Services were held Saturday, Jan. 20, at the Mountain Home LDS Stake Center. Arrangements were under the direction of Rost Funeral Home, McMurtrey Chapel in Mountain Home.
Thomas was born March 15, 1921, in Preston, Idaho, the son of Ether Erastus and Thelma Margaret (Smith) McNeil.
"Dad had the rare opportunity of seeing man advance beyond even his wildest dreams," his family said. "Dad went from riding horses on the farm to riding motorcycles in the desert, from watching birds fly to seeing man fly."
In his early years, his family moved frequently until they finally settled in Boise during his teenage years. "That didn't stop dad from wandering though," his family said. "Dad's playground was the whole southern portion of Idaho."
He spent many of his summer months with his grandparents in Arimo, Idaho, and during the winter months attending school and working various jobs which included working as one of the first ushers for the Egyptian Theater in Boise.
After graduating from the 8th grade he joined the CCC. He was on several crews that built the roads around the Anderson and Arrowrock dam areas.
Dec. 7, 1941, changed his life forever. He had been attending Boise Junior College when he heard the news about Pearl Harbor. One week later, on Dec. 15, 1941, he joined the US Marine Corps. He served honorably for four years, including four engagements in the South Pacific where his company came under fire. For their efforts, he along with his company, received the Presidential Citation award in 1943.
Upon receiving his discharge on Dec. 14, 1945, he took some time to relax and enjoy life, riding his motorcycle throughout all of southern Idaho, and often told tales of riding his Triumph Indian motorcycle over the mountains of Owyhee County.
At the age of 30 he decided to take life another step further and "proposed to the lovely brunette who would be his beloved wife for 55 years," Beverly Jean Jones, his family said. They were married Dec. 1, 1951, in Boise. Ten children were brought to that union. This marriage was later solemnized in the Idaho Falls temple.
They spent most of their lives exploring the beauties of the Pacific Northwest, where he worked as a forest firefighter, a logger and a manufacturer with Boeing Airlines, until finally settling in Mountain Home in 1971, where he worked for Earl Stone of Stoney's Vending Machines, "forging a friendship that would last a lifetime."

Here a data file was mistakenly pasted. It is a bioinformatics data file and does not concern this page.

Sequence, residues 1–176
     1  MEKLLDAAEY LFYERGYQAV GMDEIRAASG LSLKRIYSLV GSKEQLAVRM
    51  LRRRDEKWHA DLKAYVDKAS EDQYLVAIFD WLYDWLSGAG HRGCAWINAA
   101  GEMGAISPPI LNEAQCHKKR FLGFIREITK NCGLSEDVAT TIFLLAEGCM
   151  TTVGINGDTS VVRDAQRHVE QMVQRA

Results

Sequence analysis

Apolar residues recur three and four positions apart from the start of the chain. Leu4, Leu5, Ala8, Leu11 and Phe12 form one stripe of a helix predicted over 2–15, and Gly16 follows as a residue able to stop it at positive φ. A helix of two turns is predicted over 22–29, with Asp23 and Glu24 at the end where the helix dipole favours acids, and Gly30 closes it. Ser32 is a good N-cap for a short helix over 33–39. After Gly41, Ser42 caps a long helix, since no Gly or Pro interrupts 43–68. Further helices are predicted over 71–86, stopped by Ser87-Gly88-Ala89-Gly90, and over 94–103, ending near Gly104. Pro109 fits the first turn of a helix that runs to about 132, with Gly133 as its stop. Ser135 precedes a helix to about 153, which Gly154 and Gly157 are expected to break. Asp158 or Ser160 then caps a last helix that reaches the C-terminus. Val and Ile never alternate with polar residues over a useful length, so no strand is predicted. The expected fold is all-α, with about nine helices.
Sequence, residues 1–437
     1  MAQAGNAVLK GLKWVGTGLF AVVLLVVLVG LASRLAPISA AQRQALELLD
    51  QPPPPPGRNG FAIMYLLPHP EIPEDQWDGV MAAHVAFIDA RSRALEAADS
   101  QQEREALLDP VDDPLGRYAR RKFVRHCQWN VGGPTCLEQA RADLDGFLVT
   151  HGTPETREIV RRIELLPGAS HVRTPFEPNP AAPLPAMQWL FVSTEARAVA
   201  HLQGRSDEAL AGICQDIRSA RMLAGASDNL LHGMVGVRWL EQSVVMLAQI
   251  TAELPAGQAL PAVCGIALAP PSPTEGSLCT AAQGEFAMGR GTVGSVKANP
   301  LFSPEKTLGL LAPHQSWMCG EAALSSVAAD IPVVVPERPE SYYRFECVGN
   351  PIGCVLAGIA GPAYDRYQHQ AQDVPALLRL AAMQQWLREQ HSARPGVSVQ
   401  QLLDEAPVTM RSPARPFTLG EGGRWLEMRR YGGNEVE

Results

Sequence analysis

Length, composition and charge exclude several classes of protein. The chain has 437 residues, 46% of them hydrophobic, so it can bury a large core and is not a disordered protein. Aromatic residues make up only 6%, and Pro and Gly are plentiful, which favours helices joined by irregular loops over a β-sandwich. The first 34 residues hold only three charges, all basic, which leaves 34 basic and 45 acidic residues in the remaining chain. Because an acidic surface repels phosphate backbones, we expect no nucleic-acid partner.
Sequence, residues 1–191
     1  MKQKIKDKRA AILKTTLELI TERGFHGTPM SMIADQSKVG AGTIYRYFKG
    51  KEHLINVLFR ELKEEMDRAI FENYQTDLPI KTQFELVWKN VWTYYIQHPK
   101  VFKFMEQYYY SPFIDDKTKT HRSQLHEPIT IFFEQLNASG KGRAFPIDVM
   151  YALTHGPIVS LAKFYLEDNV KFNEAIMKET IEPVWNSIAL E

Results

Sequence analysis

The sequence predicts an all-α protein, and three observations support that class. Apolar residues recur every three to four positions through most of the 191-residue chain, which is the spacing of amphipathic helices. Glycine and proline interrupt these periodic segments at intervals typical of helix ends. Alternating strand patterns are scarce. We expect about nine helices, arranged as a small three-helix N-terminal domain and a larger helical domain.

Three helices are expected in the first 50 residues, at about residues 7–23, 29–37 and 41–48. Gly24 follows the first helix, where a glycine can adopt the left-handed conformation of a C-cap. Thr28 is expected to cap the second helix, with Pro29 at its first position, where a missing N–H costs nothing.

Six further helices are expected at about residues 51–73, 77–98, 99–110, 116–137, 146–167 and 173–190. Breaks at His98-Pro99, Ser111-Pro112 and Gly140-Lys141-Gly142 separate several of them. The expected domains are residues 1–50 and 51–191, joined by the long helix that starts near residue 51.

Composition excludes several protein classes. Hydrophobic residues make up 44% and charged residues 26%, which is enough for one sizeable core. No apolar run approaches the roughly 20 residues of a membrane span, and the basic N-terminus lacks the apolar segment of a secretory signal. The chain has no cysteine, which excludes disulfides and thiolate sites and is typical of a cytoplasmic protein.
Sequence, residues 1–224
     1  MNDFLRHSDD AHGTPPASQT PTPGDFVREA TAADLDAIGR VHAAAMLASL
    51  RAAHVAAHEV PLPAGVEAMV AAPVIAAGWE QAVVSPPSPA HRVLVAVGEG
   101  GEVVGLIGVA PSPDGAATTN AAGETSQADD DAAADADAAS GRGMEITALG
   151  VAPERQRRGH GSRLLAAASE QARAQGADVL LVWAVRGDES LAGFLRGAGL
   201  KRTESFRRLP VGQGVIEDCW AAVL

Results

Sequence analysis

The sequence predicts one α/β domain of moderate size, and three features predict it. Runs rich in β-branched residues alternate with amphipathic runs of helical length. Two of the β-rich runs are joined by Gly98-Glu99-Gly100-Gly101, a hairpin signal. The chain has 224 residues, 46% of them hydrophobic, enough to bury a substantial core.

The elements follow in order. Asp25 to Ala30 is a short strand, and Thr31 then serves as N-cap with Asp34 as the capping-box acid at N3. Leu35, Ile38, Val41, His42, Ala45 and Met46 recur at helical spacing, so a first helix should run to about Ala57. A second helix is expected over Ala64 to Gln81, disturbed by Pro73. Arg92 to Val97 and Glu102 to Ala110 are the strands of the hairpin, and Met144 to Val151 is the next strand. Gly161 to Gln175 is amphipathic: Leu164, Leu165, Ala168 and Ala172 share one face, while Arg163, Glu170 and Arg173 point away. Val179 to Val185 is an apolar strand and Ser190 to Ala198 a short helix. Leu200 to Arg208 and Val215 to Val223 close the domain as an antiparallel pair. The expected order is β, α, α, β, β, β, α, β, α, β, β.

"Dad was an avid musician," his family said. "He had a unique talent for music and learned to play the piano, guitar, bass guitar, banjo, ukulele and harmonica." Some of his family's best memories are of him playing the harmonica. "Until the ravages of Alzheimer's took away his memory, he carried his beloved harmonica in his shirt pocket. Everywhere dad went he either joined a band or formed one. We used to have jam sessions in our home with dad and his bands."
He was a lifetime member of the Church of Jesus Christ of Latter Day Saints.
McNeil is survived by: his wife Beverly Jean (Jones) McNeil: his daughter, Melody, and her husband, Jim Fairbanks, of Lacon, Ill.; his son, James V. McNeil of Mountain Home; his daughter, Betty, and her husband, Tut Whitney, of Nenana, Alaska; his daughter, Christina Morrison of Mountain Home; his son, Buster, and his wife, Sue McNeil, of Nenana, Alaska; his son, Robert McNeil of Glenns Ferry; his daughter, Theresa, and her husband, Shane Shields, of Nenana, Alaska; his daughter, Emaly Spencer, of Nenana, Alaska; his brother, Boyd McNeil of Tooele, Utah; his sister, Margaret, and her husband, Dr. John Bideganeta; of Mountain Home; his brother-in-law Kenneth, and his wife, Nancy Jones, of Tipanuk; 30 grandchildren and 25 great-grandchildren.
He was preceded in death by three sisters, two brothers, a son, a daughter, a brother in-law, a sister in-law, two granddaughters, and one great-granddaughter.
Memorials can be made in his memory to the VA Hospital of Boise.